all this talk of Wisdom playing and God delighting in her, I can’t resist the
humor in this translation of verse 26: Wisdom preceded the hills and fields and
”the first clods of the world!” (The Hebrew word is “aphar” which means loose
earth or soil.) Wisdom outpaces most of us “clods of the world” even still!
author of Proverbs presents Wisdom in a fresh, wonderful way. When we hear the
word “wise” used to describe a person, we tend to think of someone older,
learned, but perhaps a bit stodgy; gentle, but calm and reserved. Wisdom—the
Spirit of God—is portrayed in Scripture as a woman there before time, and with
God forming the heavens and earth. Wisdom is creative and unencumbered. She
recognizes the fullness of creation and delights in the wonder of earth and its
inhabitants. Unlike the way women are portrayed in other parts of Scripture (and
unfortunately still viewed by some of the more “cloddish” among us), Wisdom is
the breath and freeing Spirit of God.
God knows…we need her today more than ever.
We would all do well
to take a lesson from Wisdom. Amid our world of “can’ts” and don’ts,” and “have
tos” and “shoulds”…when was the last time you allowed yourself to be truly
delighted by God’s creation? Spend time this week unencumbered by the
ever-present to-do list. Delight in God and God’s world as God delights in you.
May 27: To the
penitent, God provides a way back, he encourages those who are losing hope…
(Sir 17: 20-24)
(In the Catholic Lectionary, we
continue the OT readings from Sirach. I encourage you to spend time with this
wonderful book, even if it’s not part of your standard readings.) I love the
image of God providing “a way back” to those sorry for their sins. But I also
love the idea that God encourages those losing hope to move forward. This is
wise advice. In order to move ahead with our lives, we often have to go back,
to be forgiven or to offer forgiveness to those who have hurt us. There’s an
expression, “There’s no future in the past.” This is true if we cannot learn
from and let go of what has passed. Are there things you’re holding onto? Go
back to God. It’s the only way to move forward.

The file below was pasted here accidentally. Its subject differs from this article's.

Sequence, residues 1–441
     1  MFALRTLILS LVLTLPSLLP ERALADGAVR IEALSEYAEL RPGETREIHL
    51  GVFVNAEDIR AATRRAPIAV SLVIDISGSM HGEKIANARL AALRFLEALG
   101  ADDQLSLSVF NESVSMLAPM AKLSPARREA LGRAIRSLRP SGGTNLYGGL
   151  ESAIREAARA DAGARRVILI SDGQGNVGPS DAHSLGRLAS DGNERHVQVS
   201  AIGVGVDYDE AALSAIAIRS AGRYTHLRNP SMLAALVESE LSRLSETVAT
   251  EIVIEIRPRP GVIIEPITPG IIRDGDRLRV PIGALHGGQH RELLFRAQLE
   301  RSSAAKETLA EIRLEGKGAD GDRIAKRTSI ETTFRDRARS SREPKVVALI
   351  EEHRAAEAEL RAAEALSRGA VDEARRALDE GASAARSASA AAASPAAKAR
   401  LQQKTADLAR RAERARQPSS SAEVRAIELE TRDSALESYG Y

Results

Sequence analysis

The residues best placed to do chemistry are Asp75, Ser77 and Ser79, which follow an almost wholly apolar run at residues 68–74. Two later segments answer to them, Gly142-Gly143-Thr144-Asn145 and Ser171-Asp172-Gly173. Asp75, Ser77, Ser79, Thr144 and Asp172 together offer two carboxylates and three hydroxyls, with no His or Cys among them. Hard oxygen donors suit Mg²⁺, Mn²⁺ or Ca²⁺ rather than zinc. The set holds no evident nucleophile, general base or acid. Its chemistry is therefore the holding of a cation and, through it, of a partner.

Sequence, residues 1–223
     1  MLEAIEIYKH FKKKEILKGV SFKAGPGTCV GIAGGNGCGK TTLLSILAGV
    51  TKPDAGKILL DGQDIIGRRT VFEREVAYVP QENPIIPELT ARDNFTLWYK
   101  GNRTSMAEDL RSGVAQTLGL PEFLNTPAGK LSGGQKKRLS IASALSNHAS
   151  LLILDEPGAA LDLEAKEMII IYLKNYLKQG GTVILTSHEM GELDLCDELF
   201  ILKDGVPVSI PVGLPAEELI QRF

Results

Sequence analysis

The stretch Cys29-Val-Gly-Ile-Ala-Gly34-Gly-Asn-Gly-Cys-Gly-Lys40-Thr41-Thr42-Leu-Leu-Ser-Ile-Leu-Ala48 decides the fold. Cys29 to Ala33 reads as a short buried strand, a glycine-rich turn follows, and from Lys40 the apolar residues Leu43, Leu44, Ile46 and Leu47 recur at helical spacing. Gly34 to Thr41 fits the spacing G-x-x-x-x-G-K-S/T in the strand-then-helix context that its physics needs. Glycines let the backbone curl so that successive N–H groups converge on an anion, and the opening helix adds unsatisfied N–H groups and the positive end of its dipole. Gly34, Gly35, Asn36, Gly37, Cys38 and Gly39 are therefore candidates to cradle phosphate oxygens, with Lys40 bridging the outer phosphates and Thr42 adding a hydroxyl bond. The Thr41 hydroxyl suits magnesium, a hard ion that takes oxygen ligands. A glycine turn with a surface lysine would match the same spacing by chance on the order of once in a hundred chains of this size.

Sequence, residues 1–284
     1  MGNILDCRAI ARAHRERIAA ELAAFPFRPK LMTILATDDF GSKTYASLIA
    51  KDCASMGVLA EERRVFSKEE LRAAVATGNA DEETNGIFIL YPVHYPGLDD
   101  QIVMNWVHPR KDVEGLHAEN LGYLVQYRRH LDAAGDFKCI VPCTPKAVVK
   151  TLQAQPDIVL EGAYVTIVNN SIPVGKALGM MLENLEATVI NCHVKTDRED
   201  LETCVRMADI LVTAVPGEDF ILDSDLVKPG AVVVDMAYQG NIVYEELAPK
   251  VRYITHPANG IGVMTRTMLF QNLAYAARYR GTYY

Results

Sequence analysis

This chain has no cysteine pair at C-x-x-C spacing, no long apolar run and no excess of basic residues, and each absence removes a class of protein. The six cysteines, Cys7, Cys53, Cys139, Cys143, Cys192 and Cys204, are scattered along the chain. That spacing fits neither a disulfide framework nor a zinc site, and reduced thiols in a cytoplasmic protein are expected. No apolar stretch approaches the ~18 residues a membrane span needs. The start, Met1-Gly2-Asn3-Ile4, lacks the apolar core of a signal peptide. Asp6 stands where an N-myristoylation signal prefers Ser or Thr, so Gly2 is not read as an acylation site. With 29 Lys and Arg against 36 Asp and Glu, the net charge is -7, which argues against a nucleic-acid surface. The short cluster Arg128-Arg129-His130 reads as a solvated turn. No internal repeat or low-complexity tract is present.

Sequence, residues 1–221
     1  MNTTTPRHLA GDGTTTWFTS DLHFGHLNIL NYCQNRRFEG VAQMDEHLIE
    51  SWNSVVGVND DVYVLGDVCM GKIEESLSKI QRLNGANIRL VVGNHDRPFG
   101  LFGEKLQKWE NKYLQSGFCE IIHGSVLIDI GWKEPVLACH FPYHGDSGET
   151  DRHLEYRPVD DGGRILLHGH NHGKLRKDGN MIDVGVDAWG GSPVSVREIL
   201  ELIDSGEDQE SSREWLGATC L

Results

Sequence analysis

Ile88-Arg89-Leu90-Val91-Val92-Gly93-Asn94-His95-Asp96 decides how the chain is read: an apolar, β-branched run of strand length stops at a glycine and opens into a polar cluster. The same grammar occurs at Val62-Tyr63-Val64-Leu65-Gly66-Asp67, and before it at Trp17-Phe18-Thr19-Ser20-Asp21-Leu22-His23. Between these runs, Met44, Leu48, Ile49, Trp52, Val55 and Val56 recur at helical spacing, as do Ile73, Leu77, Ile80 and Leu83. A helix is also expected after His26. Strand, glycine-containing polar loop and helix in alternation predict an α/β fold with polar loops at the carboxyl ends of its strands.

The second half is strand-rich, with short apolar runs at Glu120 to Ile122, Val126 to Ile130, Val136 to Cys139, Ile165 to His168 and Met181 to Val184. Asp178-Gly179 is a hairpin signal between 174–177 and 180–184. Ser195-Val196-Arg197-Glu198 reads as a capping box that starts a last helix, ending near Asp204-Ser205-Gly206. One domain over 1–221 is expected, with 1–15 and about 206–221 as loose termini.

May 28: Offer to God
praise as your sacrifice…He that offers praise as a sacrifice glorifies me.
What does it mean to offer praise as
sacrifice? I guess missing an event in favor of attending church could be
considered a sacrifice, but I don’t think that’s it. To offer praise as
sacrifice means we recognize the power of God in our lives. We sacrifice our
smallness, our egos, our desire to control every detail in deference to God’s
majesty. Ideally, we do this not in resignation but with great joy. We revel in
our weakness and rejoice in our dependence on the Most High. Offer true praise
to God today. “Halleluiah, we are inadequate!”
May 29: Give new
signs and work new wonders. (Sir 361-17) “the Son
of Man… will be handed over to the Gentiles who will…put him to death, but after
three days he will rise.” (Mk 10: 32-45)
We always want God to give us signs
and work wonders, but usually according to our terms. For Jesus’ disciples, the
signs and wonders they envision are quite different from what Jesus describes.
We might have in mind wonders we’d like to see. Or perhaps we try to read the
signs to support our worldview. We are wise to remember God’s ways are not our
ways. What might appear tragic opens the door to resurrection. Be aware of the
signs around you, even if they don’t match your expectations. Be open to the
wonders of God’s way.
May 30: How
beautiful are all his works! The universe lives and abides… to meet each need,
each creature is preserved. All of them differ, one from another, yet none of
them has he made in vain; for each in turn is good.
In my parenting workshops, I advise
parents to think of their kids as unique, not special. As anthropologist
Margaret Mead tells us, each of us is unique—just like everyone else! The word
“special” conveys that one is set apart from the rest. We don’t help our
children’s development or self-image—even those have real, diagnosed special
needs—if we are too focused on what sets them apart rather than on the unique
gifts God has given them for the good of others. Ben Sira reminds us nothing in
God’s creation has been made in vain. All is good. Can you imagine how wonderful
our outlook might be if we really looked at creation this way?
May 31: “Brothers
and sisters: Let love be sincere… anticipate one another in showing honor.”
In the Catholic tradition, today is
the Feast of the Visitation of Mary to Elizabeth who has conceived a child late
in life. Mary, pregnant herself, learns of Elizabeth’s condition and travels a
distance to support her cousin. She anticipates Elizabeth’s needs and honors
them. I love Paul’s words here, to “anticipate one another.” Most of us go
through our days locked in our own world, unaware of others. We may be on our
guard, but rarely do we anticipate with honor the needs of those around us. If
there’s one lesson I hope I’ve imparted to my children, it’s that “everyone has
their story.” Today, be like Mary. Learn the story of another. Anticipate their
needs and honor them. Love sincerely.
Jun 1: The elders
approached him and said, “By what authority are you doing these things?
I see the elders after this exchange
with Jesus cursing under their breath at being ensnared by their own trap.
They’re aghast at the audacity of this carpenter from Nazareth. They’re not
accustomed to being confronted and questioned like this and are enraged at such
disrespect. But the truth will not be suppressed. Don’t be afraid to speak the
truth or challenge the elders. Listen to Wisdom. Let her be your authority and